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American Beauty: Grateful Dead’s Finest Hour On Record
Michael Brito / Alamy Stock Photo
In Depth

American Beauty: Grateful Dead’s Finest Hour On Record

Drenched in California sunshine, ‘American Beauty’ found Grateful Dead creating a proto-Americana album full of warmth and emotion.


Nineteen-seventy turned out to be a prolific year for Grateful Dead. Released that June, just seven months after the mind-expanding psychedelic workouts of 1969’s epochal Live/Dead, Workingman’s Dead revealed a softer, more country-music approach to the band’s sound. Following swiftly, on 1 November, American Beauty consolidated this new direction.

Mellifluous new sounds

If Workingman’s Dead embraced the “Bakersfield sound” – rough-hewn country, tinged by 50s rock’n’roll – then American Beauty dove deep into American folk and bluegrass traditions. Focusing on songwriting, melody, acoustic instrumentation, vocals and harmony, it found Grateful Dead echoing the mellifluous new sounds then emanating from Los Angeles’ Lauren Canyon scene.

American Beauty was a huge departure from the extended psychedelic jams that had made the Dead’s reputation half a decade earlier in the Haight-Ashbury area of San Francisco, when they were the house band at Ken Kesey and Neal Cassady’s Acid Tests. Renowned for playing for hours on end, with extended guitar solos from frontman Jerry Garcia, driven by Bob Weir’s endlessly creative rhythm guitar and underpinned by Phil Lesh’s bass, getting the band down on vinyl was like trying to bottle lightning.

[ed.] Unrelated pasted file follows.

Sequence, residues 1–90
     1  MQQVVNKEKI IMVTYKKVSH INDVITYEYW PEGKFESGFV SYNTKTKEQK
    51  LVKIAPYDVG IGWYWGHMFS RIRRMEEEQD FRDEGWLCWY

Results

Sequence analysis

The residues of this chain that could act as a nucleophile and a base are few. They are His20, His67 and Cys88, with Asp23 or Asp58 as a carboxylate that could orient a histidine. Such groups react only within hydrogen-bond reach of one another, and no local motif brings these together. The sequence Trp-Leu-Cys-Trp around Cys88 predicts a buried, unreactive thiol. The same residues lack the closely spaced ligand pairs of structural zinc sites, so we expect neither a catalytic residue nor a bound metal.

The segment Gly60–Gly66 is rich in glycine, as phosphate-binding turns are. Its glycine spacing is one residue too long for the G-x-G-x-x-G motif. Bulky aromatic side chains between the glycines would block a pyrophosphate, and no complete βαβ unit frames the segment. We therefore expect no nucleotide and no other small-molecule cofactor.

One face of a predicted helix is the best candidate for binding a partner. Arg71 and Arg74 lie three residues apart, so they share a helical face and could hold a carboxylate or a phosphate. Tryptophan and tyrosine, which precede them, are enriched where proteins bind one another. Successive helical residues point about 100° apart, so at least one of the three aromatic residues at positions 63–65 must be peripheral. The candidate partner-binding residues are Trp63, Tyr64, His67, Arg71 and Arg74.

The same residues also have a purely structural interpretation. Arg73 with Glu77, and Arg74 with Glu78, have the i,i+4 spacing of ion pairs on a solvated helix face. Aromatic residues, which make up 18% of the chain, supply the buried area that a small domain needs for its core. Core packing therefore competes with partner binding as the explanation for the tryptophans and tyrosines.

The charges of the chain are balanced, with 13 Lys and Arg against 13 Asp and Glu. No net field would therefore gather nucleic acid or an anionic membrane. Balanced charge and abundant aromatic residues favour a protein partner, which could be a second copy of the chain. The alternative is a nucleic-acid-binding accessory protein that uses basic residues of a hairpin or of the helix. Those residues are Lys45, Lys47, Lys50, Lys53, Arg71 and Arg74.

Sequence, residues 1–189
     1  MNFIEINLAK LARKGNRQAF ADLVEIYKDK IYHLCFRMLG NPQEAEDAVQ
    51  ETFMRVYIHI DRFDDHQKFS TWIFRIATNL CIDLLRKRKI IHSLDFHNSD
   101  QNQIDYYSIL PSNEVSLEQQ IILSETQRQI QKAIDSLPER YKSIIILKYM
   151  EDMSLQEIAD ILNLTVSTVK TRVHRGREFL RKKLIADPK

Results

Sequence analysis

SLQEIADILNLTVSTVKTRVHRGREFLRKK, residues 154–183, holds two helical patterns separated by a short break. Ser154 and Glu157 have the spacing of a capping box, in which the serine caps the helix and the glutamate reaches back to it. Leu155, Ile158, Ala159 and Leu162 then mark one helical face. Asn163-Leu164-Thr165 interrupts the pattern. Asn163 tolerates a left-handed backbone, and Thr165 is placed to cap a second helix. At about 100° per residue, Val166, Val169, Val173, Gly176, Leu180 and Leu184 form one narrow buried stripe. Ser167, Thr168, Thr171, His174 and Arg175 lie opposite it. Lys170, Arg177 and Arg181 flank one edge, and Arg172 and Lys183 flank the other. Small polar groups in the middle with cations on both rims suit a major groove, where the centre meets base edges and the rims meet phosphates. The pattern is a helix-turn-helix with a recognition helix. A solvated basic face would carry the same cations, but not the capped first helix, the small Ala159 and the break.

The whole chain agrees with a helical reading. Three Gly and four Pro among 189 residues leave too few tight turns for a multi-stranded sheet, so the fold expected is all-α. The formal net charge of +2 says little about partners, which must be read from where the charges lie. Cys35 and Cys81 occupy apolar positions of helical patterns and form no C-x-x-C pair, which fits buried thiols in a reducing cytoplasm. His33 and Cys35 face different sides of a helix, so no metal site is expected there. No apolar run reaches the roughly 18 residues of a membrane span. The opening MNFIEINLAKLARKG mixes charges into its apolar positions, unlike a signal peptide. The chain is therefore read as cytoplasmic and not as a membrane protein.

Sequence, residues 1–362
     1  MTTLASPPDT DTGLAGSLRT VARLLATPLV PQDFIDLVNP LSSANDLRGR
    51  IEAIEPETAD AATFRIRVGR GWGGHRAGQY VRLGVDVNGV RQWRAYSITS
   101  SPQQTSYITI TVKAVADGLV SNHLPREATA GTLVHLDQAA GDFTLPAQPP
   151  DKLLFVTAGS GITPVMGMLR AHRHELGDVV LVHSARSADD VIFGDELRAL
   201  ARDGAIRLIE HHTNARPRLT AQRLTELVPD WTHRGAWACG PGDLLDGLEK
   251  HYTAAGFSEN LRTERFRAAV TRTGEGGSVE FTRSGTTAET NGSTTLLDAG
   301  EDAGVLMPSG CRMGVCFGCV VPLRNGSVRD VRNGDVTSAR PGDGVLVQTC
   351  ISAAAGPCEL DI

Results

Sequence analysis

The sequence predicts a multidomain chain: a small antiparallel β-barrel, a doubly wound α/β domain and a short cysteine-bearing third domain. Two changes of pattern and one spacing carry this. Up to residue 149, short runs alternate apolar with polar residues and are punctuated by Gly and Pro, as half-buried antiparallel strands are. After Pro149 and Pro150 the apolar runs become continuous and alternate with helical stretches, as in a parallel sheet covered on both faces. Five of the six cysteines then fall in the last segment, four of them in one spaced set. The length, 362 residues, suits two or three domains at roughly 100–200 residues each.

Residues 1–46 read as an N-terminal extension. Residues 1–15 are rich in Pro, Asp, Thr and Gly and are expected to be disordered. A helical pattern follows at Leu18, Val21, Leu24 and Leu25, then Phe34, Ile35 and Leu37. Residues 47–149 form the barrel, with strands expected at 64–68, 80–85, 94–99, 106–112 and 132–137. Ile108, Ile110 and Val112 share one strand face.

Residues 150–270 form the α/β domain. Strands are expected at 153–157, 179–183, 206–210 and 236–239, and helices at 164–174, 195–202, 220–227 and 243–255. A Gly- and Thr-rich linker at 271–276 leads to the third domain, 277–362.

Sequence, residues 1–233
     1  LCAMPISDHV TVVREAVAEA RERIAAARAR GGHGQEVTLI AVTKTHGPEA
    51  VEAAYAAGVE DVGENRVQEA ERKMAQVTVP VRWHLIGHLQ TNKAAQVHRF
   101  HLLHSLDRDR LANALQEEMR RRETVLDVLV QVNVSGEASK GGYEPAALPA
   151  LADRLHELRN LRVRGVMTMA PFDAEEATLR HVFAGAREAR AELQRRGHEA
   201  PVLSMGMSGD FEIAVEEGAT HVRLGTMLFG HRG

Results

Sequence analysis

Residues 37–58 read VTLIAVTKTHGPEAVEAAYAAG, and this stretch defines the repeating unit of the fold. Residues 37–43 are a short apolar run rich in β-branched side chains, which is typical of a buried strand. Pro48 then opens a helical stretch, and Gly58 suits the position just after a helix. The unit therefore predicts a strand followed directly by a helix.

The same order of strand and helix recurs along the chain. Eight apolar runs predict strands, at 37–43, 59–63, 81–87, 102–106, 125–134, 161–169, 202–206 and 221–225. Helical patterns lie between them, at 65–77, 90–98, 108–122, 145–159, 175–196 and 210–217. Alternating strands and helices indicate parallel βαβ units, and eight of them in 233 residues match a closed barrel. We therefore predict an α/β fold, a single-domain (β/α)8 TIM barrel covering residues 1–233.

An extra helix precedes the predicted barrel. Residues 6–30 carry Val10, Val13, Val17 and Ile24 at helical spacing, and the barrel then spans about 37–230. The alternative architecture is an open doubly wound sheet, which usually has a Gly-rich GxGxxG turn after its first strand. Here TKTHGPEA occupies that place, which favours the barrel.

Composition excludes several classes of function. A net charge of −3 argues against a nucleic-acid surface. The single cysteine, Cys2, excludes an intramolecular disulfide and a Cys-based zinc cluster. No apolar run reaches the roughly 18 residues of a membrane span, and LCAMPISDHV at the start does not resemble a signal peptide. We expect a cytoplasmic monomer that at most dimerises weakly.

Moving from the city to the countryside, the Dead left behind the hallucinogenic excesses and meandering jams, and began concentrating on writing shorter, more concise and accessible acoustic-led songs. With a strong emphasis on vocal harmonies, American Beauty is an album of real warmth and emotion, drenched in Californian sunshine and creating a proto-Americana that later surfaced in the music of Wilco, The Jayhawks, Chris Robinson, Dave Matthews, Son Volt, Manassas and others too numerous to mention.

Garcia’s main instrumental contributions to American Beauty were pedal steel, while his old bluegrass companion, David Grisman, delivered inspired mandolin that replaced the Dead’s lengthy soloing. Delicate support from the whole band allowed the listener to focus on the quality of the songwriting, with high points including the outstanding Friend Of The Devil and Garcia’s lilting singalong anthem Ripple.

Elsewhere, the evocative vocal harmonies on Candy Man and Attics Of My Life wouldn’t be out of place on any Crosby, Stills And Nash or Flying Burrito Brothers album, with the latter, in particular, finding the group’s vocals soaring above a simple, spacious arrangement – replete with an emotive pedal steel solo from Garcia – that gives the song an almost hymnal quality.

Tapping deeper into CSN’s close harmonies – the Dead were friends with the Lauren Canyon supergroup – and with glorious musical interplay, Till The Morning Comes found a meeting point between Americana and The Beatles, while the minor country of Brokedown Palace is as yearning as any Gram Parsons song.

Grateful Dead’s finest hour

Truckin’ is the most overtly upbeat track on the album, and as close to a hit single as the band had until Touch Of Grey in 1989. A rock-radio staple to this day, it’s also the closest the sun-drenched, laidback American Beauty comes to providing a traditional rock tune.

A collaboration between Phil Lesh and Robert Hunter, album opener Box Of Rain found the bassist and lyricist creating something remarkable and truly moving. An ode to Lesh’s dying father, peppered with evocative imagery, stunning harmonies and a heart-rending Telecaster solo from Dave Nelson, the song remains a melancholic masterpiece.

Drawing you in and surrounding you with warmth, American Beauty envelops the listener in a perfect mix of great songs, beautiful harmonies and musical interplay honed from hundreds of gigs played together. It is, quite rightly, viewed by many as Grateful Dead’s finest hour on record.

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